Leadership and Personal Development

(by George Telfer)

"Personally, I'm always ready to learn, although I don't always like being taught."
(Winston Churchill)

Developing leaders at every level is vital for any organisation attempting to gain competitive advantage. Increasingly viewed as fundamental to an organisation’s success, it has become integral to many training and development portfolios. However, the degree to which leadership can be taught remains limited. Leadership cannot be learned from simply reading about it or listening to even the best of lectures. It is learned and then applied through direct experience, more often ‘on the job’ but at times too when being removed from any direct involvement in day-to-day roles and responsibilities are best served through a more formalised training and development intervention. Roger Gill defines leadership development as “Knowing what to do, how to do it, wanting to do it, and then actually applying it.” Learning, therefore, means the continuous testing of experience and the transformation of that experience into knowledge and subsequently behaviours and actions.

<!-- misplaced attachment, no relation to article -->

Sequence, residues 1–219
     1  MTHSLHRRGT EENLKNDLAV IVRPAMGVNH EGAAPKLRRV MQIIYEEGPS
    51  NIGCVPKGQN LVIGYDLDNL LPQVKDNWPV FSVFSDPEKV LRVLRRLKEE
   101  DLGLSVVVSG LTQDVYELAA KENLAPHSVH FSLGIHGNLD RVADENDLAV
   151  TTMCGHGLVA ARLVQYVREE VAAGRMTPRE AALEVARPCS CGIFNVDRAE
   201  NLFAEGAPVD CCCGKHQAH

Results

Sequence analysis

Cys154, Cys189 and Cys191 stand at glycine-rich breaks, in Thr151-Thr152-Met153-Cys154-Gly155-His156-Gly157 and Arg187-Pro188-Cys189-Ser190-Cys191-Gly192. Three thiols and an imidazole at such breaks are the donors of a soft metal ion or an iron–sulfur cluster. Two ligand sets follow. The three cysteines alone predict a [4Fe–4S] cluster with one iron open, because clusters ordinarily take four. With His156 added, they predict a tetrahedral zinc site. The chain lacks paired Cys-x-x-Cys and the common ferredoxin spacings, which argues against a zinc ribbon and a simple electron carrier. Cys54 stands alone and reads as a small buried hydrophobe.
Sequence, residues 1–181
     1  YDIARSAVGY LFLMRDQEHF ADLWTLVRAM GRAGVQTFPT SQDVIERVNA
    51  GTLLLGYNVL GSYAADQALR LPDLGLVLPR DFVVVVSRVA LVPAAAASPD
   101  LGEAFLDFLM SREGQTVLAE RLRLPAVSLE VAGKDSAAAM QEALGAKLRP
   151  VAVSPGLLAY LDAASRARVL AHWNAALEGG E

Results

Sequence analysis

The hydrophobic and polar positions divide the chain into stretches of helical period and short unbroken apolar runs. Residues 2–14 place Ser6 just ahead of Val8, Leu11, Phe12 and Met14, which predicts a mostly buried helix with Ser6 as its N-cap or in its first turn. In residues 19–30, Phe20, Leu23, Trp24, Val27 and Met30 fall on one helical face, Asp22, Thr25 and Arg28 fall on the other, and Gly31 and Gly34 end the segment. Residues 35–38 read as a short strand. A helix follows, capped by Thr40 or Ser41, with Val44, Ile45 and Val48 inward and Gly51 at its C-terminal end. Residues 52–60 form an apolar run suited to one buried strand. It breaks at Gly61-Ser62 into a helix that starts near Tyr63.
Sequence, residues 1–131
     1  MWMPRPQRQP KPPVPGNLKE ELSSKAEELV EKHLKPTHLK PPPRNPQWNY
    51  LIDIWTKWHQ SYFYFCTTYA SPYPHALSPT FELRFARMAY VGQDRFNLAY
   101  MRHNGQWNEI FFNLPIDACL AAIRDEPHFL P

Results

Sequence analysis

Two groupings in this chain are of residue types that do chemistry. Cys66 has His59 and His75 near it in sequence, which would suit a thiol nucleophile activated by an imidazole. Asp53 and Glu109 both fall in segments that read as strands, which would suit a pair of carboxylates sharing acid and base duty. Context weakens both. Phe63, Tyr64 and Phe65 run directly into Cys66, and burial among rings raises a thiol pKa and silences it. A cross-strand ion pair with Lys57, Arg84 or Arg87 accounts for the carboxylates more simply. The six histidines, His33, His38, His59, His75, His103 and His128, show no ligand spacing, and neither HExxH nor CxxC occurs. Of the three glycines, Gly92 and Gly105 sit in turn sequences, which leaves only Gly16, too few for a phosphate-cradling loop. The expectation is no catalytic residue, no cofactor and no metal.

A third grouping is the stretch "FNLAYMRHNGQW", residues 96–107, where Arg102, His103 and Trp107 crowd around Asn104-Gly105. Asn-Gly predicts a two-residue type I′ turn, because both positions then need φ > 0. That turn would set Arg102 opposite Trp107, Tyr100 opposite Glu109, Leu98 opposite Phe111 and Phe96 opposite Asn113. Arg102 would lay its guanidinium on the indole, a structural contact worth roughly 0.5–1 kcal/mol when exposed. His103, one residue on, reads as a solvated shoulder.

The first step in developing any organisational learning initiative is to determine the essential needs within the organisation. Any personal development should then form a key component within this overall strategy to help bring both to fruition. Added to this should be the appropriate learning methodology, the right training provider and an effective evaluation process as further critical success factors. Breakthrough moments, thereafter, include the development of self-knowledge and the reshaping of personal perspectives and mindsets. Daniel Goleman also points out that personal motivation will further influence this learning process with people being most moved to pursue a learning strategy that fits with their own values. This then opens up the opportunity for personal development as well as an improvement to the company’s ‘bottom-line’.